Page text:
Yet, to what extent lies the danger of identifying this constantly contested racial terrain and the fluidity of each historical moment that defies any clear cut answers— like the dancing play of history, as accident and event? The danger can be navigated through a return to the everyday experiences of those marginalized, Black lives, their happiness, their pain, their desires. This is to say, while the fluidity and multiple subject positions each person inhabits are well understood and accepted, we must also attend to the logic of race and capital as fixing race and class, both historically and today—this unchanging racial logic we have inherited with the centuries of violent struggle over capital accumulation. Once located within the bodies of enslaved and their extracted labor, how do we read and bear witness to the planned evictions of the urban poor in preparation for the 2010 World Cup—a plan that will leave thousands homeless in an effort to cleanse the downtown urban core? How do we read the complete destruction of living settlements as if they never were, what are the interconnected strategies for state-building that promote urban regeneration at the same time there is a move to dehumanize lived neighborhoods as 'slums' and as sites of criminality that must be “cleaned up”?

This dredge of history, this cumulative weight, this act of conquest as a set of waves always made anew, also identifies the pain that does not change, that race is continually manifest for whites and Black people through very different lived experiences and investments. A question raised was how to read white fear, generated most recently by the murder of Eugene Terreblanche. A participant argued white fear is situated primarily vis-à-vis white wealth, since it is white cumulative wealth that has been crafted from the exploitation and active disinvestment of people of color. The history of Black revolt, including the burning of township schools by Black students is an act of self-inflicted violence — by burning a symbol of class mobility, Black youth are forcing whites, and the world at large, to pay attention to them, to recognize the separate and unequal system of education structuring Black life. While the embodiment of white privilege allow whites to feel threatened only through the fear of Black revolt, Black survival, rich and poor, cannot escape race as it structures their everyday life, where they live, where they work, where they play.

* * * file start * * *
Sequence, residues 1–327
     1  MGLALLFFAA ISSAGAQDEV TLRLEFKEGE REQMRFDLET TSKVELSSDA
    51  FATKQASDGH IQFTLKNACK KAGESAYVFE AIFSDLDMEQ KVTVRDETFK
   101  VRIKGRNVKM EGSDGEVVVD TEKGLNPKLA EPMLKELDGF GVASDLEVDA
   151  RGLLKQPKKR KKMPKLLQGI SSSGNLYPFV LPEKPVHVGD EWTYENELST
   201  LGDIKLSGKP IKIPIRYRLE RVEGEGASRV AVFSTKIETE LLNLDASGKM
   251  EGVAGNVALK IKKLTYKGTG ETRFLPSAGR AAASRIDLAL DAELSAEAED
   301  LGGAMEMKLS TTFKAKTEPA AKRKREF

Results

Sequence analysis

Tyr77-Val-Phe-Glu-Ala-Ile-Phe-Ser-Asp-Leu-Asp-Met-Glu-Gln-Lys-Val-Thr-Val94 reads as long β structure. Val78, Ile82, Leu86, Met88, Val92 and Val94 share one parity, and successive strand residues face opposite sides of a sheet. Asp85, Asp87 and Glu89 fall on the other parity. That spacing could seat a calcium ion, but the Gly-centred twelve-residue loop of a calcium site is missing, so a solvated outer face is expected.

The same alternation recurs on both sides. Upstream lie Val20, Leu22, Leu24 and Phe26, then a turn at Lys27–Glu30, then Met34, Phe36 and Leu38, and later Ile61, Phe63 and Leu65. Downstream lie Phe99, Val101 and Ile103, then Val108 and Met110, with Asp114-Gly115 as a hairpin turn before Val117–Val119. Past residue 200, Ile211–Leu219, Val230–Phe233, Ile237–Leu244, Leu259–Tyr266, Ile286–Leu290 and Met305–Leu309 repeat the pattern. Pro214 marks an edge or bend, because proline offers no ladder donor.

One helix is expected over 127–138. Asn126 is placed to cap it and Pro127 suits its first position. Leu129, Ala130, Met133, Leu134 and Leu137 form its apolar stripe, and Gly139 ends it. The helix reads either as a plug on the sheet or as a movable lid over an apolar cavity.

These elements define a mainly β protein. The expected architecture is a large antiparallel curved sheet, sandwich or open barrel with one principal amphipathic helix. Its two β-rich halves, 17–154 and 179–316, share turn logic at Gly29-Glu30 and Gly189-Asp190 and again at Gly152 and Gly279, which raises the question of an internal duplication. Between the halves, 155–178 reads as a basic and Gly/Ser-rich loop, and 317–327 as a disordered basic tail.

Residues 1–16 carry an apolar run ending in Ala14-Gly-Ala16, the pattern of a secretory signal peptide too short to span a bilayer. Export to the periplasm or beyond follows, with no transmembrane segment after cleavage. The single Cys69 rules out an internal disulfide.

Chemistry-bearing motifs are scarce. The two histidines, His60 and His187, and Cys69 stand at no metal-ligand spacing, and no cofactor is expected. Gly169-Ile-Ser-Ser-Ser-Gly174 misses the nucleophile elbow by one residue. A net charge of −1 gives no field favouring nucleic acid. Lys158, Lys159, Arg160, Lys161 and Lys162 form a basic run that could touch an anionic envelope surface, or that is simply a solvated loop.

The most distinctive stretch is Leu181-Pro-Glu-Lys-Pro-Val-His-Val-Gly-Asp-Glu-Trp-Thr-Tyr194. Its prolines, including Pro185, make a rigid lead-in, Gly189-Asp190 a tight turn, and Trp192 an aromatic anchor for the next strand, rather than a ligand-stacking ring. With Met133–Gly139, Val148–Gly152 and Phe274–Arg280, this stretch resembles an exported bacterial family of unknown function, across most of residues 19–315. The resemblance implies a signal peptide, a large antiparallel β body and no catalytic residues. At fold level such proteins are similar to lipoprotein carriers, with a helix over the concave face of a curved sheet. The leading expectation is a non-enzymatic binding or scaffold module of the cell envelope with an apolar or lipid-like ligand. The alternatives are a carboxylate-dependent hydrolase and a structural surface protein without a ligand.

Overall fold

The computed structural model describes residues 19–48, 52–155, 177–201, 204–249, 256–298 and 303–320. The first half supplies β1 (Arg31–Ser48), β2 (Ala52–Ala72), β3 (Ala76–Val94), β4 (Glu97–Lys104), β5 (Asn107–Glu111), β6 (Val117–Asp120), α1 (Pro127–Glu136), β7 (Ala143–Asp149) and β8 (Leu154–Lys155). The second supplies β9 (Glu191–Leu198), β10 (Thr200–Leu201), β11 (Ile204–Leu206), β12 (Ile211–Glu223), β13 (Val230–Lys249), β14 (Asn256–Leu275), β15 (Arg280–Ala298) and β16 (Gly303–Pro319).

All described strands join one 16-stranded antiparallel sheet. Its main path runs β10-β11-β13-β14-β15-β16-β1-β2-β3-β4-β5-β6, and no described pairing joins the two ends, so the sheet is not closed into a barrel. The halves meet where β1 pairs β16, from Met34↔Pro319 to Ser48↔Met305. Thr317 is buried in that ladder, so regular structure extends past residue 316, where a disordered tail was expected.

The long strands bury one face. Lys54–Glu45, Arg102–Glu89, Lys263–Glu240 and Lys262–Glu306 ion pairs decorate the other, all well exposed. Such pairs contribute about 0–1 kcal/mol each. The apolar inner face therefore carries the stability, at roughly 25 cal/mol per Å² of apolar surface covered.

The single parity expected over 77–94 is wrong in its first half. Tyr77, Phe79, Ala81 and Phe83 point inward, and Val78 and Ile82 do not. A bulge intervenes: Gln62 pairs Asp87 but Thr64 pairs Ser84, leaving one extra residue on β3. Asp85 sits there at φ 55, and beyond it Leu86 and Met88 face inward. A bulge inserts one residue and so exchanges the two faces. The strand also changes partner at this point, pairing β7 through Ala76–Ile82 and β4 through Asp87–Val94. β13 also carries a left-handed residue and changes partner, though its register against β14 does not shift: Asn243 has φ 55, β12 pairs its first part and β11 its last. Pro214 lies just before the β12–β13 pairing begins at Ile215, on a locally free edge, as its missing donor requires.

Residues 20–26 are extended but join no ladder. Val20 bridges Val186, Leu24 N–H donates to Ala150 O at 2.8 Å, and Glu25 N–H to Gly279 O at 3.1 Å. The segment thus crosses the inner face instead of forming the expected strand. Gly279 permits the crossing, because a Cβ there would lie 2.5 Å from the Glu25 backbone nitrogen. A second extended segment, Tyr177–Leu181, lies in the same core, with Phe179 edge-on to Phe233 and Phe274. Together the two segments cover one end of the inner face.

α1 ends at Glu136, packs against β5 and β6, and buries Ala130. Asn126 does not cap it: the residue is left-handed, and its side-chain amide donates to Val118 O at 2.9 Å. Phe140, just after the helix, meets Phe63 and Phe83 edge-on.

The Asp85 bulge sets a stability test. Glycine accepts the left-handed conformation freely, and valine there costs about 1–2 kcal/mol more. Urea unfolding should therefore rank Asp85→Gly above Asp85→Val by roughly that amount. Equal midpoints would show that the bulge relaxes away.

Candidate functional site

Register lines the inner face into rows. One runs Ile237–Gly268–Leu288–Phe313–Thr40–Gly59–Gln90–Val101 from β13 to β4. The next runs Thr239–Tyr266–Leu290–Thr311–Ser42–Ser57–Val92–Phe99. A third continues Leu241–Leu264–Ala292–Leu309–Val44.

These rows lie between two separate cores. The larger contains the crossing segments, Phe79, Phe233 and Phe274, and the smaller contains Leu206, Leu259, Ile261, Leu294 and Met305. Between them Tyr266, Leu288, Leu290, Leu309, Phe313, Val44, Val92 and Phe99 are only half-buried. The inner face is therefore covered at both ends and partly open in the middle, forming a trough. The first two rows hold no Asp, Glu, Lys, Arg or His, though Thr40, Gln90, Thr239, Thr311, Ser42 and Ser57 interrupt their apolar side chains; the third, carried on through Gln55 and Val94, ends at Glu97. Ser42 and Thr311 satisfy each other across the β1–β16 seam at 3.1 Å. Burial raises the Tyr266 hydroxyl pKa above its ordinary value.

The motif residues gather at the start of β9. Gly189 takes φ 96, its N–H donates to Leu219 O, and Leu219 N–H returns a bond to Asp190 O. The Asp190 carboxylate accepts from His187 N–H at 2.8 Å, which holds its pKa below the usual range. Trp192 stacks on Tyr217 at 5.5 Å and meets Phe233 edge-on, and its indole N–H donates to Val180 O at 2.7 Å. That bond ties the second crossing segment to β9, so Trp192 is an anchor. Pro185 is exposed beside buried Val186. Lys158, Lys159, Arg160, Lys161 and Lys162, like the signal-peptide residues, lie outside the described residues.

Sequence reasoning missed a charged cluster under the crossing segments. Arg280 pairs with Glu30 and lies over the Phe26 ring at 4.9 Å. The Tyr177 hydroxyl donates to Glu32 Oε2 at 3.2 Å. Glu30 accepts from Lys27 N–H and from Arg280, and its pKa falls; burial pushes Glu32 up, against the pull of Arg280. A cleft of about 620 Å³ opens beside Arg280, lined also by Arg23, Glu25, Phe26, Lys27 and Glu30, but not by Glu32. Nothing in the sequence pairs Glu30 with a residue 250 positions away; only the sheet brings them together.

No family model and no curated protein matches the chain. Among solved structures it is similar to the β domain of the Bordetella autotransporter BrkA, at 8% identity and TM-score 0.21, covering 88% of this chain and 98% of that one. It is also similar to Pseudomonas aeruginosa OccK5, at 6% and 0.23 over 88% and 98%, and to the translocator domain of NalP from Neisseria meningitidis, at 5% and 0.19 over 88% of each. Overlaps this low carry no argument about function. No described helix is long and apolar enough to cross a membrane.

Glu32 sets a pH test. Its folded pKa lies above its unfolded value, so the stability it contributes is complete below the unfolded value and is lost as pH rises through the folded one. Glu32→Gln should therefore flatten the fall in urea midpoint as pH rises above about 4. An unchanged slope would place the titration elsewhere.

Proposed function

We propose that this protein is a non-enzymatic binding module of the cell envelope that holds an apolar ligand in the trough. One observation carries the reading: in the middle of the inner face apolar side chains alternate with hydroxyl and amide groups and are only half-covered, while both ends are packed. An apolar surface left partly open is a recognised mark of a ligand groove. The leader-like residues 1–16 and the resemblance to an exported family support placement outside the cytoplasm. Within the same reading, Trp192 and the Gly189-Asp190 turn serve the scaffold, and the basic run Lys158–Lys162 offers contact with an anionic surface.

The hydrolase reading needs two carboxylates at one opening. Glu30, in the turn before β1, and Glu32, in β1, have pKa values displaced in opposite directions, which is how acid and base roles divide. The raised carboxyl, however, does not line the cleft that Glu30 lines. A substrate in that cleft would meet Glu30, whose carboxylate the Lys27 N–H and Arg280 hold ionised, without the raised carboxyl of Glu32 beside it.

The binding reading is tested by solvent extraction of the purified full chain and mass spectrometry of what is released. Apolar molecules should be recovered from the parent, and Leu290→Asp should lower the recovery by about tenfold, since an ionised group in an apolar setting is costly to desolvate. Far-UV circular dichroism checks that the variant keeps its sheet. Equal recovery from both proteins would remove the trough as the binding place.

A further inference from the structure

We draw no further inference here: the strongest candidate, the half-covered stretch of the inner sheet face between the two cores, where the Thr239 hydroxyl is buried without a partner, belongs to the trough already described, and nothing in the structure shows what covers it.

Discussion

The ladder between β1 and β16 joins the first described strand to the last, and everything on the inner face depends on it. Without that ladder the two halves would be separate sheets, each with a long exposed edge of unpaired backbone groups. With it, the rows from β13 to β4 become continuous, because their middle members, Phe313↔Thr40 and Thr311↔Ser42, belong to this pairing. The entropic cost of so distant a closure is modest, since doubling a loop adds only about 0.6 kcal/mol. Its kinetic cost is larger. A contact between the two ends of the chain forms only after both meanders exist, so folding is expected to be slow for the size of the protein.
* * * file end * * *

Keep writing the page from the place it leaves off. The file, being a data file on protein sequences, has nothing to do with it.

In this moment, on what basis can Truth and Justice be established? We can identify the same tensions that structured the Frontier Wars between white settlers and the indigenous African nations during the 19th century as still with us today. The murder of Eugene Terreblanche perhaps can be best understood as the most recent flashpoint of race relations. It is these moments that force the public to pay attention, yet we must also pay attention to the surprising alliances and to the fissures that open up because of the inherently unstable act of conquest. These are the possibilities and dangers we must attend to and which will continue to generate discussion for us—most especially when our discussions are grounded in a close reading of the texts, as these texts illuminate the other perhaps more subtle flashpoints living with us today.

Micaela Alicia Smith